A beginner’s guide to Python notebooks

Why data teams use notebooks, and how to get them up and running for coding and exploratory analysis


“When I started working on IPython I told myself and my adviser that this was just going to be an afternoon hack and that I would get back to 'real work' very soon.” (source)

So said Fernando Perez, the inventor of IPython and its successor Jupyter, in the final year of his PhD in theoretical physics at the University of Colorado, Boulder.

21 years later, that ‘afternoon hack’ is part of hundreds of thousands of data workflows, and forms the core of data analysis at companies like Netflix, Lyft, PayPal, and Bloomberg. But if you are used to hacking together Python scripts for your data analysis, then notebooks can look… odd. You code in the browser, you run it line by line, and why do you have to work with a colonel?

Once you get over the oddness, you can start to see what companies like Netflix see. Notebooks let you pull apart your code so you can see the data at every stage, examine and explore it, and then put it all back together again to present a full story.

In this post we’ll explain what data notebooks are, why we think they are important, and take you through the first stages of creating and using your own. Here’s what we’ll cover:

  1. Why data teams use notebooks, and why you should too

  2. Getting a notebook up and running a. The cell b. The kernel c. Architecture and security d. Installation options and distribution

  3. Running your first code

  4. Doing something useful with your notebook

  5. Going deeper on data notebooks

Why data teams use notebooks, and why you should too

run code, explore data, present results.”

This is the fundamental pattern of data analytics. Run some code, see what the data says, code, explore, code, explore, code, explore until you get something you can show to your team or the world (or not).


This is what Perez built his initial IPython notebooks for–making his own analysis easier. He wanted to take everything you do in a data exploratory pipeline and bundle it into a single document: the notebook.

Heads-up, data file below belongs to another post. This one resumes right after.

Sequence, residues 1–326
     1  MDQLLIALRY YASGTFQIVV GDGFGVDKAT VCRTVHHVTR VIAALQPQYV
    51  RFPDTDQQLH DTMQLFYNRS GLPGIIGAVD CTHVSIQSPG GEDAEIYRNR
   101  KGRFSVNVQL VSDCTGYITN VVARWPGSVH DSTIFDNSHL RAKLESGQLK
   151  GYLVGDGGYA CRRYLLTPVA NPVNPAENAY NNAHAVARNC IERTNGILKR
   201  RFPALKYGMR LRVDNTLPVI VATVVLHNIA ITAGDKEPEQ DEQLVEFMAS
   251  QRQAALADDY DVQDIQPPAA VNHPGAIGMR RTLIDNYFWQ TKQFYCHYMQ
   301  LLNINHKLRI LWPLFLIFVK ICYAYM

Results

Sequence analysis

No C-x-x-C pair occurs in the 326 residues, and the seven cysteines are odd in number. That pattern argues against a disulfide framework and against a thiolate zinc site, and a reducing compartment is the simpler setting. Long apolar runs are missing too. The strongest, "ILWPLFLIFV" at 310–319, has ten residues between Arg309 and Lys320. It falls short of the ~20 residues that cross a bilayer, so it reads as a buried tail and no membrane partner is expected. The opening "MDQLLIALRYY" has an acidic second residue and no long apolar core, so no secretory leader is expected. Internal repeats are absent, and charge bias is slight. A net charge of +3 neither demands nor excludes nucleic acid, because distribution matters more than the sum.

Here’s what a published notebook can look like, taken from the Hex Use case gallery:

Notebooks are designed for this loop:

  • Run code: A notebook runs Python code in the same way any .py file you write does; you can use all the same libraries, etc. in the same way a regular Python environment does.

  • Explore data: In a notebook, you run lines of code in isolated cells. This makes it easier to see the output of just those lines. The outputs are presented inside the document instead of in a terminal, making it easier to see what’s happening with your data as you analyze. It’s iterative!

  • Present results: You can incorporate visuals from the data outputs – like tables and charts – directly in the document, alongside text and other images to present your analysis as a single entity. You can then export the document in different formats with different styling. Much easier than telling your teammate to run a .py file in their terminal.

This all makes notebooks great for playing with your data. As you’ll see as we go through a couple of examples, you can stop the code at any point to take a look at the output, then go back and continually adjust your code until you get what you want. You don’t have to wait for all the analysis to happen–you can take it step-by-step.

Weirdly, this benefit of notebooks can also be a limitation. Analysts have primarily used notebooks for ad-hoc, small analyses. They explore the data and build a pipeline/model/workflow in a notebook, but then port it over to regular files (i.e. productionize it) when they need to schedule or scale the analysis or model.

But that is changing. Notebooks are critical parts of the data pipeline for major companies:

  • At Netflix, most data access goes through a notebook rather than direct access through an API. They use them for scheduled tasks and have a set of templates to run specific analyses.

  • At Bloomberg, they have experimented with notebooks embedded in the Bloomberg terminal so analysts can access data and test trading strategies directly in the terminal.

  • At PayPal, they deploy Jupyter as a platform and have developed their own extensions to work specifically with PayPal data.

  • At Lyft, they built LyftLearn, which uses Jupyter notebooks within Kubernetes containers to develop their ML models.

But we’re going to start simpler. Though notebooks at these companies are becoming sophisticated data tools, at their heart they are still just about “run code, explore data, present results.” That is what we want to show you how to do here. Let’s get going.